Alternate Accuracy

“There was enormous value placed on realistic images and accurate representations” (Solint 15). Solint may be talking about “the Europenan embrace of the empirical,” but she says this in reference to the camera obscura and photography. And later she links the Europeans way of seeing to the American culture.

But what are realistic images? And what is “real time?” Can we record something in actuality? What is actuality or reality anyway? Muybridge’s pictures in motion are the precursor to motion pictures, and I have a theory about the way time works through this acceleration of accurate motion. And this is also my answer to the question of how time and space works in motion picture photography to the 19th century view – but I answered it more so in relation to today.

There are moments when a person can see a two-hour movie and feel like they were sitting in the movie theater the whole day; thus there are two sets of time then. In movies there is “real time” and time created on the screen. And the same goes for space. Time and space are used like taffy. Time is being stretched or shortened, twisted in all that makes “movie time” – or time that the viewer is aware of – not concrete. And motion pictures do not account for space at all because they make it up with frames and pictures. Space is continuously being filled in like a “steam of thought” or as a train moves through destinations – and this makes space less abstract. Now motion pictures and motion picture photography are a metaphor for our consciousness.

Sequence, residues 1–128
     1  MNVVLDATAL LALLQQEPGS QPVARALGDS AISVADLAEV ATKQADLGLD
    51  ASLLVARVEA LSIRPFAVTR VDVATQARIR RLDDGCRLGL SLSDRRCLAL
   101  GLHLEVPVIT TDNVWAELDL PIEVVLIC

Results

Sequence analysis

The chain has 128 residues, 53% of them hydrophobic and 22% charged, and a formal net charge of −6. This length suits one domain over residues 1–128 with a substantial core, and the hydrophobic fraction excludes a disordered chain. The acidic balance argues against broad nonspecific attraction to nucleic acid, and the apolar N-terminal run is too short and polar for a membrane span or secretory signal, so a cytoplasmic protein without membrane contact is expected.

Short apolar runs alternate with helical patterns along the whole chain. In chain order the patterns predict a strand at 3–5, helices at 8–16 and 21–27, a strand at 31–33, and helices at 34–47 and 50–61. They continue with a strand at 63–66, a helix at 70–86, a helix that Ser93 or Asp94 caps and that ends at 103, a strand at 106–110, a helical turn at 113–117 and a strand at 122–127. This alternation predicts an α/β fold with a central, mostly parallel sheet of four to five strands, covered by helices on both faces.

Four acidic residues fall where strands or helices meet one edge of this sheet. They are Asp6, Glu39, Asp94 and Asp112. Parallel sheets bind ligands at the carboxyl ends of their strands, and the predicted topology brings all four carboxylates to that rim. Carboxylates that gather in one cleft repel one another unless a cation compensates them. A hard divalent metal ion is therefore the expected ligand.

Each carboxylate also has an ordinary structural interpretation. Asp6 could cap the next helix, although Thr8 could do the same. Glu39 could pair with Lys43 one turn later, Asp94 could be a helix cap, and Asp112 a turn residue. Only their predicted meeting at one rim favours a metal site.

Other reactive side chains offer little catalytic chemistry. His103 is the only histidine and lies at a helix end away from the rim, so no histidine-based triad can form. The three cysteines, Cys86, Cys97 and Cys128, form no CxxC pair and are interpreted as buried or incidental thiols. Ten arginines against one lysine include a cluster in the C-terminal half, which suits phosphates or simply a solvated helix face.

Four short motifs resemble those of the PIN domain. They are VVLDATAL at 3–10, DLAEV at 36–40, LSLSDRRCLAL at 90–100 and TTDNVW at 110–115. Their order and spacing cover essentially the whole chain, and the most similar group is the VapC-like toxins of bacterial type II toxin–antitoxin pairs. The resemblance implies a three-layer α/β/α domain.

Perhaps then Solint’s idea of “consciousness evolv[ing] from [something] utterly immersed in this river to something that clambered onto land” (18), not because we are pulling away from an internal place but rather we are externalizing our internal ideas. And this explains why our culture is “always willing to out run what is with what might be” (Solint 15), because thought is not as concrete as the image is in our warped and visual addicted minds. And we can go further as to say that belief or religion works as another way to externalize the internal. But how much are we relying on other thought that is not our own? I do not think that we have necessarily become a culture that has washed away the stream, but do we practice in our own stream? As an anxiety for the human’s role heightens, the role of the individual is being threatened as well. Thus no wonder why identity was such a crisis in the 19th century. Because time and space were being so manipulated it was hard to tell what real “real time” was anymore, hence it was hard to tell what “real life” was or where they fit in into it. So although images try to promote an “accurate” world they show precisely that there is no such thing as accurate, and it goes beyond subjective vision too.

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One Response to “Alternate Accuracy”

  1.   Dominique Says:

    Liza,

    The way you are synthesizing multiple discussions here is useful: “And we can go further as to say that belief or religion works as another way to externalize the internal. [See James’ “The Reality of the Unseen” and “The Perception of Reality.”] But how much are we relying on other thought that is not our own? I do not think that we have necessarily become a culture that has washed away the stream, but do we practice in our own stream? As an anxiety for the human’s role heightens, the role of the individual is being threatened as well. [See “Psychologie Nouvelle.”] Thus no wonder why identity was such a crisis in the 19th century.”

    Keep grappling with this!

    (4/4)

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